While API offers pay-as-you-go, running similar solutions in a self-hosted infrastructure is still challenging. For example, if it were a microservice, with serverless deployment and pay-as-you-go billing, ensuring no upfront cost. Regarding LLM, provisioning a machine and running the inference on demand on self-hosted options is cumbersome and impractical as it would result in delays and inefficiencies. Simply put, serverless for LLM is only an option once we go with tiny models that can run on containers (Yes, it is possible to run models on containers). Choosing the suitable model, whether it is a specific model vs a large model, is a mix of art and science. 

Assessing Vendor Reputation & Responsibility:

When using a third-party LLM vendor, ensure they have a strong reputation and track record in developing quality models responsibly. Vet their capabilities, support channels, and commitments to AI ethics.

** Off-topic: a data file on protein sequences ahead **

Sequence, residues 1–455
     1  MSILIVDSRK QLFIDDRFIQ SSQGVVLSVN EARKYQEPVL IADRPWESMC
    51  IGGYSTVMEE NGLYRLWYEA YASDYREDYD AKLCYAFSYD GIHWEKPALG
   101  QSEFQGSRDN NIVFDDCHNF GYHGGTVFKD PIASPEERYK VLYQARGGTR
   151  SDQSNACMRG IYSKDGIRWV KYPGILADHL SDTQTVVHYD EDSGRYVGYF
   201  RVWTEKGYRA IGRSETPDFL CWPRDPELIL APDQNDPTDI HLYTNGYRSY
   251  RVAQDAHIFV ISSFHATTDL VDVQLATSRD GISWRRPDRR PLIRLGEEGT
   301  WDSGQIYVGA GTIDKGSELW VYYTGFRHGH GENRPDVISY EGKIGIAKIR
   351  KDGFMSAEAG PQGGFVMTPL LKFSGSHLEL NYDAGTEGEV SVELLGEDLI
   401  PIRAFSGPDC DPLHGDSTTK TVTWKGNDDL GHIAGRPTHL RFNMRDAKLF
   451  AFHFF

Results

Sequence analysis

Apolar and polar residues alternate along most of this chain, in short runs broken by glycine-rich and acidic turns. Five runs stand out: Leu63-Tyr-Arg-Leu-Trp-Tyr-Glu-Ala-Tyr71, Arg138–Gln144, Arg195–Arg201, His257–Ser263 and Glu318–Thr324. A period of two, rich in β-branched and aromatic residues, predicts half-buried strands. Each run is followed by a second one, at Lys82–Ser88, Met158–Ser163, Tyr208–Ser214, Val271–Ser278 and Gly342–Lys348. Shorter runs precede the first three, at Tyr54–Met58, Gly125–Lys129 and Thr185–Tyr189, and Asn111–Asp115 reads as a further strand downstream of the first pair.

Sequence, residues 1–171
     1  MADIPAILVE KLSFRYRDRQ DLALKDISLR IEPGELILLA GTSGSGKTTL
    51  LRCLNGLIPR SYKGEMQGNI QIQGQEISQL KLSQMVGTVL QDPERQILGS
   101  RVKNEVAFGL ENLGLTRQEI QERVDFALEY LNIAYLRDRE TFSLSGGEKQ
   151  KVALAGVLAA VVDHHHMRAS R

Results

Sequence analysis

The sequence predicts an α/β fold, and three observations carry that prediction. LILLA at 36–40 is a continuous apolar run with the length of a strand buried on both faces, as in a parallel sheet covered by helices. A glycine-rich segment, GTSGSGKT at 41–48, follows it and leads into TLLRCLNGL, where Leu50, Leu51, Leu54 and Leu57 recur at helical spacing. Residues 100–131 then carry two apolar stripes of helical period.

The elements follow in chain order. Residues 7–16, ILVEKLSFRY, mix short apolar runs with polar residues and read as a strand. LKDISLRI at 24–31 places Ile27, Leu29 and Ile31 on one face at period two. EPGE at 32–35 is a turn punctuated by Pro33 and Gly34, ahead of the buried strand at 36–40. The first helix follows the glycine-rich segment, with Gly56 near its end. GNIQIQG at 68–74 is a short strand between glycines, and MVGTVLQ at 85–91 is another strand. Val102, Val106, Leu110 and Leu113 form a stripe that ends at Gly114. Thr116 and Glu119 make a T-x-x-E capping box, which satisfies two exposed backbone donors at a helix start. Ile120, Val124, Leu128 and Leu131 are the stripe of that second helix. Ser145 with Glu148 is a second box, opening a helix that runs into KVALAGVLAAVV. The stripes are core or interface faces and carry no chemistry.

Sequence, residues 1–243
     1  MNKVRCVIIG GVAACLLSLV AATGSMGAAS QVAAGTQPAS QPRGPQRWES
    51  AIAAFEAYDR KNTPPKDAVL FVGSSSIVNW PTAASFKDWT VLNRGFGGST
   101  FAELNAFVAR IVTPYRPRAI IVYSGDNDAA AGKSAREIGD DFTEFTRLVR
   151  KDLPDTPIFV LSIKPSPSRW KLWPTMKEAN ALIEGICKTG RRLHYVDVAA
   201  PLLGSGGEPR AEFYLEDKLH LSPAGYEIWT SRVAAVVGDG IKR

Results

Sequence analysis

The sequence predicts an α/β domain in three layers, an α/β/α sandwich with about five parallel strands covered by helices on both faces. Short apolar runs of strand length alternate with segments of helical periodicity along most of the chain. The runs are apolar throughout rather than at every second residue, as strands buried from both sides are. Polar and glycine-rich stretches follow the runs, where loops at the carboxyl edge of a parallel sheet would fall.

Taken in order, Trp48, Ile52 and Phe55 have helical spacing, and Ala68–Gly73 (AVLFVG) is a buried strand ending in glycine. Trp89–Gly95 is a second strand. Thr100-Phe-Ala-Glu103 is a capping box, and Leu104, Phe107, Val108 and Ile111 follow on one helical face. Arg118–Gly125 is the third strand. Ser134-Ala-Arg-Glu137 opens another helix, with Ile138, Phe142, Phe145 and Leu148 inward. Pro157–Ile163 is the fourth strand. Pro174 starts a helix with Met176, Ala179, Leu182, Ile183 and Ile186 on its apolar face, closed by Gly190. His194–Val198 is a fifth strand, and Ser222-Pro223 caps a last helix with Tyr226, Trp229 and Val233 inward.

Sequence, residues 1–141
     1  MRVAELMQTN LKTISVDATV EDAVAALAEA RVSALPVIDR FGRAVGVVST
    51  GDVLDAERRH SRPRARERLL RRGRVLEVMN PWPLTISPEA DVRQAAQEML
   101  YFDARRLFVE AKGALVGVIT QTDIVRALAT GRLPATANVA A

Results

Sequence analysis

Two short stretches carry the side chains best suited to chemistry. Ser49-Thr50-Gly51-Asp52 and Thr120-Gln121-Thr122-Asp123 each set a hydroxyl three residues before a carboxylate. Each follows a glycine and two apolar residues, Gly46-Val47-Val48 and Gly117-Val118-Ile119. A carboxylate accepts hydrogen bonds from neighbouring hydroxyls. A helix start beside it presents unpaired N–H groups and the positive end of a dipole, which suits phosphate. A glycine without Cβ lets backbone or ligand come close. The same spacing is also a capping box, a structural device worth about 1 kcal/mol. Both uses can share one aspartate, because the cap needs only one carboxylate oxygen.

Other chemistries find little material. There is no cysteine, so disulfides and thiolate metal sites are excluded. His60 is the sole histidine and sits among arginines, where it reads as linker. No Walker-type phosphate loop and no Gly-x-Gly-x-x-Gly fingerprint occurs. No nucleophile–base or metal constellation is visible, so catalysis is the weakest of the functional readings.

Responsibility and Ethics:

With an open-source stack, you define content filters, ethical constraints, and data practices. Proprietary models embed the values of their creators.

Start Your LLM Journey Today:

With clear objectives, an understanding of model capabilities, and a thoughtful selection process, you'll be prepared to find the ideal large language model to take your AI initiatives to the next level. To identify a suitable model, it is inevitable to understand the problem better, which will solve 20% of the problem (A well-understood problem is a half-solved problem). Once the model is identified, having clean contextual domain data that meets the data quality standards defines the next 30%. The remaining 50% comes from practices like prompt engineering and tuning the model with hyperparameters. In our experience, we produced similar results for large models like Open AI GPT3.5 using smaller models like Llama2-7B with calibrating and hyperparameter tuning. We could even run these models (finetuning + inference) on consumer-grade machines using techniques like LoRa and deploy the models on smaller machines using quantizations that drastically reduced the model's size. The best model is only sometimes the large model. Do not get carried away too much by the name of LLMs ...:) Meet you on the next blog.